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Letters to a Broken Child – Part 2

In case you didn’t, or don’t have time to visit www.canadianmysteries.ca, to read about Aurore Gagnon’s tragic death I will give the long and short of it.

Aurore was the youngest of three children born to Télesphore Gagnon and Marie-Anne Caron. Aurore’s mom took ill in 1916 and remained in a hospital for two years during which time her brother left the home permanently while she and her sister stayed in a boarding house. Télesphore allowed a widow, Marie-Anne Houde, and her two boys to move in with him immediately after his wife was hospitalized. They continued to live together and a week after his wife’s passing in 1918 they married and Aurore and her older sister Marie-Jeanne moved back home with their father.  Just over two years later Aurore died at the tender age of 10 from blood poisoning and general exhaustion from a great number of untreated wounds all over her body.

The autopsy reports were quite detailed and lengthy as they reported every lesion, cut, gash, sore, and abrasion from head to toe. The court documents recorded Marie-Jeanne’s account of every beating her sister took and the general disrespect that their step-mother showed toward Aurore. After everything was said and done Télesphore received a life sentence but only served 5 years as it was suspected that he was on his death bed. He ended up eventually marrying a third time and lived the good life for a few more decades. His step-mother also received life but was released on good behaviour after serving 15 years and died a year later. At least Télesphore had the decency to wait until both his wives were dead before remarrying.

And now that you’ve got the general understanding of Aurore’s appalling circumstances behind her death, I return you to part 2 of my story.

“Instructed?” Michelle who was seated on the leather chair next to him sits up to attention. “What do you mean by that?”

“Basically she’s saying that she thinks Marie-Jeanne is writing what she is told to write by someone else.”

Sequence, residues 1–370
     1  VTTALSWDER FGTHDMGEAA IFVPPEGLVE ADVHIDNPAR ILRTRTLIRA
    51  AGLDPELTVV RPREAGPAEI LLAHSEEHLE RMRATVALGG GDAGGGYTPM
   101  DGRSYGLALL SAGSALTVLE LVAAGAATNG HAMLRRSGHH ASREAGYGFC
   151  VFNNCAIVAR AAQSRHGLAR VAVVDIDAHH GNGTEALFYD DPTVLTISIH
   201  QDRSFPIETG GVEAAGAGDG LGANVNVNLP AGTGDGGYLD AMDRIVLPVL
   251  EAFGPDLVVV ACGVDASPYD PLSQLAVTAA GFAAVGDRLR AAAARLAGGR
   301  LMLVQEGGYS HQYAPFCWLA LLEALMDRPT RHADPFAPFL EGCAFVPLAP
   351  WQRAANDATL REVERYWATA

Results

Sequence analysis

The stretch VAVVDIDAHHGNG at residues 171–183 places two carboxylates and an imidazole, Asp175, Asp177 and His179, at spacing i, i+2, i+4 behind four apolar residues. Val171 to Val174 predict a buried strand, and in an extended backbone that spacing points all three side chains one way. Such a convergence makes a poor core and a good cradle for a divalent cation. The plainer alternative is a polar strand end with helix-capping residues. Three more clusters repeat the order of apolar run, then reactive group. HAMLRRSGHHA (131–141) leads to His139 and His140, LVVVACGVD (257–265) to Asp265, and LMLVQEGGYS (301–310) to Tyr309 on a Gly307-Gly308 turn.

“I wonder what would make here think that.”

“In the next letter, dated another two months later, the mom indicates that she is getting frustrated by Marie-Jeanne’s letters. That they keep saying the same thing and they sound very cold. Judging from the tone that she uses, she sounds very upset with everything that is going on. She said that she found out more information about this Marie-Anne Houde that’s living at her house. She said the boys are troublemakers and that the neighbours suspect that she had two children who died mysteriously. The mom warns her daughter to stay away from the house as long as she is living there.”

“Wow that is definitely interesting.” Michelle was leaning so far forward in her chair that she had to catch herself from falling. She got up and grabbed the matching milking stool and pulled it up to the right side of David. “The next letter, tell me what’s in the next letter.”

“Well… this one is another two months later. She says she got really bad news from the doctors. Her health is continuing to deteriorate and they say she may only have a few months to live.”

“Oh my God! That is so sad. So what’s going to happen to this poor girl and her siblings? It sounds like she shouldn’t go back to her father, especially if she thinks this other woman is a bad person.”

“Take it easy Michelle. Remember this is history, it’s already happened and there’s nothing we can do to change it. Let me read the fifth letter, maybe the mom will mention about her intentions for her children.” David shuffled his stool closer to Michelle to get a better look at the second last letter. “This is dated the middle of January 1918. She said that the doctors have told her that it won’t be much longer now and that this will most likely be the last letter she will ever write to her. She exclaims how she misses Aurore and her siblings terribly and wishes for them to be there by her side. She talks about how she blames her husband for her impending death because for years he would never let her go to the doctor’s to be treated for anything. She expressly forbids them from going to go back to live with their father because she fears that they will suffer the same fate. Plus she fears that this other woman will treat them with disrespect. She believes that her pleas for her children’s well beings have fallen on deaf ears and hopes that this letter will reach them and warn them of the dangers of going back home.”